A great and terrible beauty, by Libba Bray, is the story of sixteen year old, Gemma Doyle, after the murder of her mother which results in her leaving India and going to a boarding school, Spence Academy for Young Ladies, in England to be transformed into the perfect lady.
After becoming haunted by the idea that her mother’s murder/suicide could be her fault, Gemma isn’t too pleased about being shipped off the boarding school as her father falls into the life of an addict and her grandmother and brother, Tom, seem all too willing to push the family issues under the carpet for appearances sake.
Since her mother’s death, Gemma has been plagued with visions and is increasingly becoming scared of them. Especially after a young man she encountered on the day her mother died by the name of Kartik, who is a member of the Rakashana, threatens her if she continues to have her visions and follows her all the way to Spence.
The mystery that surrounds her mother’s death quickly unfolds at Spence after Gemma finds the diary of Mary Dowd, who seemed to have the same power of Gemma, and she becomes good friends with Felicity Worthington, Pippa Cross, and Ann Brashaw.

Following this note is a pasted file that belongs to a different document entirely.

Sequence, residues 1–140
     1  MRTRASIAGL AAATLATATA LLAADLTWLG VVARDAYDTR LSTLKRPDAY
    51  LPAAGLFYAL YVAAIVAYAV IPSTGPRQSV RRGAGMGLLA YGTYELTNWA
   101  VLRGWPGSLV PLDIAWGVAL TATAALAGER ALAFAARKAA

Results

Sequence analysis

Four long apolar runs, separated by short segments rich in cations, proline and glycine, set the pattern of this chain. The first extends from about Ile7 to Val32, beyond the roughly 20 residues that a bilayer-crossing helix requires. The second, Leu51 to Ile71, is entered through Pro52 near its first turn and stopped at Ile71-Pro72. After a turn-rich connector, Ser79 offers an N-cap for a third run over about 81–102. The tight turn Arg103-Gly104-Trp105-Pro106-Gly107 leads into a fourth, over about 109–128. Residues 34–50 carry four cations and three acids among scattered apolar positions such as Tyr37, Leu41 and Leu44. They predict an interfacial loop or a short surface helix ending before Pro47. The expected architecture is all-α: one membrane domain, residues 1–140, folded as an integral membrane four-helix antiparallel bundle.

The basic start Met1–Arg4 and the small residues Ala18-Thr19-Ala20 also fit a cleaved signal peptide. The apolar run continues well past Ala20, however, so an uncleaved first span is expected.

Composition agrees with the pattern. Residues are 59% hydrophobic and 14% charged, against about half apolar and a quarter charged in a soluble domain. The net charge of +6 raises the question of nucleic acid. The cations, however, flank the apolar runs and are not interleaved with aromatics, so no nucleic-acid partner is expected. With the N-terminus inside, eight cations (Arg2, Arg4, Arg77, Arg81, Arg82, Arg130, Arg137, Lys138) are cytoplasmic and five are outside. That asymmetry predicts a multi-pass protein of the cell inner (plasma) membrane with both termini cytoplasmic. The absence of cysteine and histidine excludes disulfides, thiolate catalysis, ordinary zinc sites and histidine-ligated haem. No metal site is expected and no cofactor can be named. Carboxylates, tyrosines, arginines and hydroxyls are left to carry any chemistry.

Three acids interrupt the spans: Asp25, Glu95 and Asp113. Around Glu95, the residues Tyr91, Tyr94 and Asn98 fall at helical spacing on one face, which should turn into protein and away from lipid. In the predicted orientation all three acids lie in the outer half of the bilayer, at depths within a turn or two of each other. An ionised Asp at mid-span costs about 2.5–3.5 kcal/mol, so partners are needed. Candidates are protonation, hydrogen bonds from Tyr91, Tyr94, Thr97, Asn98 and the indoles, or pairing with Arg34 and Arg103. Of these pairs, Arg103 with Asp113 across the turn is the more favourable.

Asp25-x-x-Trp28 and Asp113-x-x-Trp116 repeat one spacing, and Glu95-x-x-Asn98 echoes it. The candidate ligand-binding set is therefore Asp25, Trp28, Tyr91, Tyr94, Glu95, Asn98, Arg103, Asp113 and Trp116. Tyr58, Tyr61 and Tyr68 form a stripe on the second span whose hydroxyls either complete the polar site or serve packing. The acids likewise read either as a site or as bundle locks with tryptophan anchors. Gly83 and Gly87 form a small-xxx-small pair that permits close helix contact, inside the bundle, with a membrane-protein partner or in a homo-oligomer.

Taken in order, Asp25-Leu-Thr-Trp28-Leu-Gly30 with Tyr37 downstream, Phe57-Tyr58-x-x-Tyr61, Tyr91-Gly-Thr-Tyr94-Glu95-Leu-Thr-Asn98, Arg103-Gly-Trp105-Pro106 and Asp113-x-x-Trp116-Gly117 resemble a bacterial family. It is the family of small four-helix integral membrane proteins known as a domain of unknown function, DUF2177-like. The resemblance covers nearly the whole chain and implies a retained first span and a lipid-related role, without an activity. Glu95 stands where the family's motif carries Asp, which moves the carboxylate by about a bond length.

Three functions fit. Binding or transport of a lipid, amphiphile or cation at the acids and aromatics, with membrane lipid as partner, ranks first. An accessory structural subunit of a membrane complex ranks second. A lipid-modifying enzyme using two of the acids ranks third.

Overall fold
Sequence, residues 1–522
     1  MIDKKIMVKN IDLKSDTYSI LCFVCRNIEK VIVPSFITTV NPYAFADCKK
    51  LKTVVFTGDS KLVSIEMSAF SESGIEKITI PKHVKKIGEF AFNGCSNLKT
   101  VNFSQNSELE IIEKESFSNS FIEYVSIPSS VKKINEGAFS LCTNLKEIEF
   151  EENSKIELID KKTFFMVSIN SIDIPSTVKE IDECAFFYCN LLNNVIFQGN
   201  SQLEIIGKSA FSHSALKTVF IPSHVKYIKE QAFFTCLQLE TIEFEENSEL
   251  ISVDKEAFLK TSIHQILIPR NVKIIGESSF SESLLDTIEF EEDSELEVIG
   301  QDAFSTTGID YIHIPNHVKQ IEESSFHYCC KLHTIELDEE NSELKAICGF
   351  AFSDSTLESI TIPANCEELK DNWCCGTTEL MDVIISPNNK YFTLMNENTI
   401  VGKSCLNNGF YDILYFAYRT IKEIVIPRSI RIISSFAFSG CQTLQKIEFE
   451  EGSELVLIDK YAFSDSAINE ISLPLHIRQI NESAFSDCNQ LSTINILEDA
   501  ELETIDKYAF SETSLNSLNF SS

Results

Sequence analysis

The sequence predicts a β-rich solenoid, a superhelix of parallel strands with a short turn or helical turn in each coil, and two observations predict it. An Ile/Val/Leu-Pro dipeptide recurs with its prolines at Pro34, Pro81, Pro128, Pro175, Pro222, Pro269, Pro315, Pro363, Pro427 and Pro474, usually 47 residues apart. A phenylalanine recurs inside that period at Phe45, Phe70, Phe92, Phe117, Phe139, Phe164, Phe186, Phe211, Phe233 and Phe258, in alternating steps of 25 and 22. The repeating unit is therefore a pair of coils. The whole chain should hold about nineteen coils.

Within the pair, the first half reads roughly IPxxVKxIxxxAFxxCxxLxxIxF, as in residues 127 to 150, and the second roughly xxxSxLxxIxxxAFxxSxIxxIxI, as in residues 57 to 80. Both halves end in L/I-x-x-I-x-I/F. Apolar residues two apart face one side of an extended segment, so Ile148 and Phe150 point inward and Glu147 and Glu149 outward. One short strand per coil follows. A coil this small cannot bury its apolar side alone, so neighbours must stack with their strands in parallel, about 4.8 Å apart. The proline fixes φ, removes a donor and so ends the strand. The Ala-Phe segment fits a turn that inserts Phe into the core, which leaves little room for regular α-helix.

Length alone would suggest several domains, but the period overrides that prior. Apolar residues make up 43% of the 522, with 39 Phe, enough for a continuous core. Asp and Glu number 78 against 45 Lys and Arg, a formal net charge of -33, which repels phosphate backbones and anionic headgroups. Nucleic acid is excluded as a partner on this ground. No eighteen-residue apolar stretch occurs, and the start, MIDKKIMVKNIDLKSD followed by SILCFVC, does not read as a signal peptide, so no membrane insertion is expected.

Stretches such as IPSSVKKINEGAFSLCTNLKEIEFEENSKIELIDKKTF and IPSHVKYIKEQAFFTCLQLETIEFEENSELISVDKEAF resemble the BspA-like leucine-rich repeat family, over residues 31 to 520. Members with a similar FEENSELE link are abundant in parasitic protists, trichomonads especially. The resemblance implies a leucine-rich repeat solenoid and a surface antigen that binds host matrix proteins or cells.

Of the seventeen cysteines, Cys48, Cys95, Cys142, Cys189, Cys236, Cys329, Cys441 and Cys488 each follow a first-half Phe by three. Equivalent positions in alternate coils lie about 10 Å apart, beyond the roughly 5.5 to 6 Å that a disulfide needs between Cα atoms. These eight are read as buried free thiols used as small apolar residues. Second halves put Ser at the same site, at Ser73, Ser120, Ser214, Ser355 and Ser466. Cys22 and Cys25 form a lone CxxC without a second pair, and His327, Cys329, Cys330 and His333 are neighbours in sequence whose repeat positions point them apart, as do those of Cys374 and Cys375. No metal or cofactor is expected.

The foursome rebel against what Spence teaches them by creating their own Order, sneaking off in the middle of the night to drink whiskey, and enter the realms and bring the magic that has been locked their since the untimely death of Mary Dowd and Sarah Reese-Tomb which resulted in the East Wing at Spence to burn down.
When the adults hand down an reality check to the girls once their rebellion comes to light, one of the girls chooses a deadly turn as her last form of rebellion against the demands of their elders.
The book is a coming of age story that opens our eyes to just how foolish people could be when they were children, and the consequences of our actions. But, it also reminds us that we were all children at one time. Who thought we had all the answers, and didn’t think our plans through until it was too late.
Though, the book does take some dark turns: it leaves the reader with some hope for Gemma and her friends at Spence. The book ends with more questions than answers, which preludes to the second book in the series.